Q&A with Kristy Campbell

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Meet Kristy, the runner and coach behind the blog, Run the Long Road Coaching. When we found out she was running the Philadelphia Rock ’N’ Roll Half Marathon for the 12th time, we jumped at the chance to speak with her. From sharing what inspires her to continue racing to revealing her favorite trail run within the city limits, you won’t want to miss this interview. Kristy’s also a RRCA-certified running coach and NASM-certified personal trainer—she’s helped runners complete their first 5k and marathoners improve their finish times. We hope you’ll find her as motivating as we did!

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1. Why did you first start running?

I started running about 14 years ago purely because it was something I always wanted to try and do. I’d see people running and think, “Maybe I should do that.” I was a competitive cheerleader for most of my life. After college, I couldn’t cheer anymore and needed something else to stay in shape. It was just a fun way to exercise at first, but when I signed up for a 5k with a friend, I was hooked on racing. I signed up with Team in Training to train for my first half marathon. The rest is history! I’ve now completed 11 marathons, one ultra marathon and 25 half marathons.

2. What do you love most about running, and why do you continue to race?

I love seeing the progress. That’s what keeps me going and motivated. I set goals and push myself to attain them. If you work hard and are determined, you’ll see results. I finished my first marathon in over five hours and now my PR is 3 hours and 41 minutes. You always need a goal. Even in the off season, I like to keep my base mileage high.

3. What’s the hardest thing about training?

If you’re not seeing progress, you can get frustrated. For a year and a half, I couldn’t improve my time. I was working hard, but marathon after marathon I couldn’t pick up my speed. I took a hard look at my training to see what I needed to do differently—and I made a breakthrough. Running can be very mental, so when you overcome that hurdle, you’ll go and go.

4. Have you ever competed for a cause, and if so how did that impact your training experience?

In 2002, I raised money through Team in Training, to support cancer research. It’s been really fantastic to see their growth over the years. It’s not rare that you find yourself in a sea of purple. But it’s been a while since I last fundraised. My daughter is now eight months old, so I have to juggle training, coaching and parenting.

5. If you could give your runners one piece of advice, what would it be?

Consistency trumps everything. As long as you’re consistent in your training, getting in X runs per week, you’ll see results. Progress is rarely linear, but hard-work will produce real results. We all hit walls and challenges—even the best runners. I tell my runners to never give up and they’ll make great strides in their training.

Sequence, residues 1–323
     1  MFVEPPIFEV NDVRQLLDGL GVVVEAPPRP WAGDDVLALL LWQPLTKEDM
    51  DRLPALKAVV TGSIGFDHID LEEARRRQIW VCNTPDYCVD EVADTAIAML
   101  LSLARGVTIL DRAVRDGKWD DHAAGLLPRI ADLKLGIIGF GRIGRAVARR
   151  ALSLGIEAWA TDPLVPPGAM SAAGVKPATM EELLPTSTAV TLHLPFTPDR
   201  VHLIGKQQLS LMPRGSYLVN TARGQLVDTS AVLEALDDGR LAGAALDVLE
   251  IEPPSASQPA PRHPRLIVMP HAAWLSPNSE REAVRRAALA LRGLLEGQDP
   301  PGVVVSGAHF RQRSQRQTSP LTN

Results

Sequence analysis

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6. What do you love most about being a coach?

I started coaching almost four years ago. It all started when I was sharing training plans with family and friends. One day, I decided to get serious about my coaching, got certified and the business has been growing ever since! Most of my clients are marathoners, but I help runners of all levels and abilities, from beginners training for their first 5k to marathoners completing their 10th race. It’s incredibly fulfilling, as I know what it’s like to achieve long-term running goals and want that for everyone I work with. They have goals and I want to be part of their journey in achieving them.

7. Why did you start your blog, Run The Long Road Coaching?

I was reading a ton of running blogs and thought my husband was tired of hearing about my running all day, every day. By creating a place to share my thoughts and feelings about running, he wouldn’t have to hear it every night. Instead he could check out the blog whenever he felt like it. I ended up writing more frequently than I thought, and it attracted a lot of clients. It’s also helpful to share my training with my clients because it shows that I am human and have bad runs like everyone else. We all have bad races and runs, and I want it to be an honest look at my training — the good, the bad and the ugly.

8. If someone is visiting from out of town for a race, what would you recommend they see and do while in Philadelphia?

If you’re here for the race, Philadelphia has a lot of awesome places to run. All of our major trails connect. I recommend hitting Kelly Drive, an 8.5 mile loop. Start at the Rocky Steps at the Philadelphia Museum of Art. Another favorite trail is Forbidden Drive, a gorgeous, gravel path surrounded by woods — and it’s technically still in the city.

Philadelphia has so much history. After your run, check out the Art Museum. Visit Independence Hall, the Liberty Bell and the Constitution Center.

Need some sustenance before the race? As you probably know, we’re famous for our cheesesteaks. I also recommend heading to Reading Terminal Market, a historic, central place to grab a quick lunch.

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